Whenever a friend goes abroad, I ask them to visit a nearby cemetery. Today musician Dan Burrowes explores queer history, celestial scientist and a bizarre request to Whitney Houston
I paid a visit to Montparnasse Cemetery in Paris, the second largest burial ground in Paris, which along with Pere-Lachaise inherited the mantle of dealing with Parisian dead from the Cimetière des Innocents, which had been open since Middle Ages.
Walking around the cemetery I am always struck by a few things: it tends to make you think. Firstly, just how many interesting sculptures there are, all over the cemetery.
From the giant mosaic cat commemorating Ricardo Menon, an assistant to the sculptor Niki de Saint Phalle and passionate AIDS campaigner. Menon died of complications of the virus in 1989, aged thirty seven, to the pair of hands above the grave of decorator and antique shop owner Robert Thibier and his ‘director’ Pierre Jauvart, who died in 2007 and 2012, to the full sized double bed complete with Charles Pigeon and his wife, commissioned in 1905, 10 years before his death.
Next, I am struck by the massive variety of races and religions, all next to each other in the cemetery. There is, perhaps fittingly, no segregation here. You can walk along a row of graves and see 4 Crosses, 3 Stars of David and languages ranging from Korean, Arabic, Chinese and so on. This is a lovely reminder of the institutional secularism of France.
Finally, having looked around a bit, I am amazed by the number of hugely influential people buried in such a small space and by the different levels of interest their graves seem to illicit. The grave of Jean Paul Sartre and Simone de Beauvoir next to the entrance is always surrounded by photographers and covered in lipstick kisses, tributes of poems and Métro tickets (possibly related to the fact that they are also left on the grave of François Truffault, the ‘man who loved actors’ who directed “The last Métro”), but there are many others which are hidden away in the interior, which are very difficult to find.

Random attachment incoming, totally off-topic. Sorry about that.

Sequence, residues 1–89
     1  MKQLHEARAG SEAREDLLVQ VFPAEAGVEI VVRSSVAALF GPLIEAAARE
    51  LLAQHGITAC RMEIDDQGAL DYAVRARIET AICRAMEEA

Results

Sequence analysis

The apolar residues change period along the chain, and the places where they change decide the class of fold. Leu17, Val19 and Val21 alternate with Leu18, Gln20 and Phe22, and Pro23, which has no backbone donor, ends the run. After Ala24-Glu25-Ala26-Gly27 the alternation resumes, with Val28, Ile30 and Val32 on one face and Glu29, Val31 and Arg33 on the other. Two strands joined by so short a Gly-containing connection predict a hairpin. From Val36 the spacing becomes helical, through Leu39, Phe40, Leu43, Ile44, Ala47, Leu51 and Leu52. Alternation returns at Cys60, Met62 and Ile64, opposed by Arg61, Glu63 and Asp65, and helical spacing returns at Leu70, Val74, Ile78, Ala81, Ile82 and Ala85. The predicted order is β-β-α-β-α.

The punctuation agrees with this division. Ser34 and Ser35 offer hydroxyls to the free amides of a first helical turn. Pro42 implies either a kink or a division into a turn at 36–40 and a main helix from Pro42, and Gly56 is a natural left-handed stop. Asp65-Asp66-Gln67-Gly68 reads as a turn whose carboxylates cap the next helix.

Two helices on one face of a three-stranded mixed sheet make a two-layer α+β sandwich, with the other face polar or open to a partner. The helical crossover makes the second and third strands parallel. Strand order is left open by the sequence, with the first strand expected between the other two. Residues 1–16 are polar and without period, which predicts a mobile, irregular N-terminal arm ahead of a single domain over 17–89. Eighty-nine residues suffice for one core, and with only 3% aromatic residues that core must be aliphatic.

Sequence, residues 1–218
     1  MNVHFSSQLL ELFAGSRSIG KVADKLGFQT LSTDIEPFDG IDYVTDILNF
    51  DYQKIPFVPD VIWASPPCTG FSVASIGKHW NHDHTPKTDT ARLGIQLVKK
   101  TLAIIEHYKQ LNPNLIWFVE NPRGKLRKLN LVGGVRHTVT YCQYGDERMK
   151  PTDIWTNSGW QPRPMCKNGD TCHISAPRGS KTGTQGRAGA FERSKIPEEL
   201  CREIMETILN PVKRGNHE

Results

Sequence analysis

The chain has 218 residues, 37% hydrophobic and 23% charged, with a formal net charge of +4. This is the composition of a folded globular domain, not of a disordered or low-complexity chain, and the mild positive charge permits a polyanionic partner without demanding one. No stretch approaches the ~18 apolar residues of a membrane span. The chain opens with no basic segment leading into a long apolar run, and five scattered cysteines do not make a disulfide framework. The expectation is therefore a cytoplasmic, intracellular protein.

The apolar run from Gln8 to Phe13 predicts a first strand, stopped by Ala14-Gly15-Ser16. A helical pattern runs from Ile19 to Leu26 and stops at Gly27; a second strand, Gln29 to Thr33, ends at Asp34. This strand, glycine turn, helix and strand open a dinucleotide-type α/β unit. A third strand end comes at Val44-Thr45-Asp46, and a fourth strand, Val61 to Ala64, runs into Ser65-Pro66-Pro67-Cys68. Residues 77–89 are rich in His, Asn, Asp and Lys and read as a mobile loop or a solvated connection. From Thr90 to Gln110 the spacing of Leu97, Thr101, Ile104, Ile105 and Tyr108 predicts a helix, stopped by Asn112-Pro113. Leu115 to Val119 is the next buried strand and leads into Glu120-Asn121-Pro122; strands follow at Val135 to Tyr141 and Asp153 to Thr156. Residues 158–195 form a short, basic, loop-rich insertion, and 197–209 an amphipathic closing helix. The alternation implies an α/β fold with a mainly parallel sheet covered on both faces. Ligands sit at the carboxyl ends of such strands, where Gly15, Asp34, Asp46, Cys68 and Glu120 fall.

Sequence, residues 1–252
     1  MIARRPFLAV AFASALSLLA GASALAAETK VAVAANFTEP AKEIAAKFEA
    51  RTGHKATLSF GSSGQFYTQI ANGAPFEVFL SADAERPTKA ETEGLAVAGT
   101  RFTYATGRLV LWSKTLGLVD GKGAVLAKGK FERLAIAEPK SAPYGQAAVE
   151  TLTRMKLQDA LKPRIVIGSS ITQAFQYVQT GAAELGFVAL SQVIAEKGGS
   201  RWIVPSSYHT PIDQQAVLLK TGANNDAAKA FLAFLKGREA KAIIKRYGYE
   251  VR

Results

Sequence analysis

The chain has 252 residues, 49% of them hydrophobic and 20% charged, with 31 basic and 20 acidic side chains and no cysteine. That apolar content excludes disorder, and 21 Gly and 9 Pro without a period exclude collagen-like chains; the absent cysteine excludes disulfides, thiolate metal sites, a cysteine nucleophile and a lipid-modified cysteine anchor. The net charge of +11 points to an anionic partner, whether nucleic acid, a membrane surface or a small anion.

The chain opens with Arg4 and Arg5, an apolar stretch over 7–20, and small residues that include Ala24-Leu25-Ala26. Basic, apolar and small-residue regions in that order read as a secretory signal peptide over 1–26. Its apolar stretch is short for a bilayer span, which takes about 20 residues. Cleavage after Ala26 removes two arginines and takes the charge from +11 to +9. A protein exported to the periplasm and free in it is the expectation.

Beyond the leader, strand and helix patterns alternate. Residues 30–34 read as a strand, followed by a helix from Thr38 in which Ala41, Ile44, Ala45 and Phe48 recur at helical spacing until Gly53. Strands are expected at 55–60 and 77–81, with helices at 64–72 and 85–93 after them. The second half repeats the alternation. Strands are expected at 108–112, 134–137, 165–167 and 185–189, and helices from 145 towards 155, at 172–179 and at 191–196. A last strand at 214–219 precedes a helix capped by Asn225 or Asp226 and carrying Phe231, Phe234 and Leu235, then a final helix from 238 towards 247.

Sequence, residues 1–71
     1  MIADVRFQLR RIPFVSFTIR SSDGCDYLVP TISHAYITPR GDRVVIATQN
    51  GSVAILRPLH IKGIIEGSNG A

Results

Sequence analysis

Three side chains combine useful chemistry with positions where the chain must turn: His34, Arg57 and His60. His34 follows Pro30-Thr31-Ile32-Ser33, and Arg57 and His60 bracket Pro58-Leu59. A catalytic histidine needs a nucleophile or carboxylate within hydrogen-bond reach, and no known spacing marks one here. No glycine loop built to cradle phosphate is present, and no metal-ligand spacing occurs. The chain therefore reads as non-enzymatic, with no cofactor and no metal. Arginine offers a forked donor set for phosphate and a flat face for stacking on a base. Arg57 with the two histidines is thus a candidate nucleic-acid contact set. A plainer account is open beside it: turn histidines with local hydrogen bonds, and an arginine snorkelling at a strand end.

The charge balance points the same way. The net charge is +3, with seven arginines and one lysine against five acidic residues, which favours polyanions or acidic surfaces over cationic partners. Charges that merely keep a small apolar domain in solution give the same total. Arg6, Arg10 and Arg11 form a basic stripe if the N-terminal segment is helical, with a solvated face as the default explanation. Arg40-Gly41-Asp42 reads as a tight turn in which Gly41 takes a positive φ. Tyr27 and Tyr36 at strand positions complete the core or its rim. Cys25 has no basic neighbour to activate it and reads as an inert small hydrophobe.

My interest, as a musician, has always been those great luminaries of my profession. In Montparnasse, you can find Serge Gainsbourg (whose first hit song was about a Métro attendant – a nice link to Truffault) who once proposed to Whitney Houston live on TV…and offered to do much, much more.
Cesar Franck (who’s grave includes a bronze bust by Rodin) and the family tomb of the Saint-Saens family, including the great composer Camille. As well as the musicians, writers abound, including the great Charles Baudelaire, industrialists, such as André Citroën, founder of the car manufacturer which bears his name, and great soldiers and politicians, such as Porfirio Díaz, the seven-term president of Mexico.
Plots in Parisian cemeteries are quite hard to come by and one can buy plots on leases for ten, thirty or fifty years, with renewals possible, or are available to buy in perpetuity. A 2m2 plot costs as little as €720 for 10 years, up to €11,672.72 for permanent residency. Time’s up? Someone else can ‘move in’.
At those prices, it’s not hard to see why there is a fairly high turn-over. In addition to this, the authorities are able to remove those residents whose families have allowed their graves to fall into disrepair, meaning that those graves remaining are, for the most part, in very good condition.
I am left with the impression that the Parisians are doing things the right way! The cemeteries are always in very good condition and graves and tombs of all races and religions are interspersed amongst each other. Montparnasse, the second biggest cemetery in all of Paris, is worth a visit.
It is a wonderful metaphor for the city itself and a reminder that despite our differences, we all end up in the same place – what unites us is far greater than that which divides us.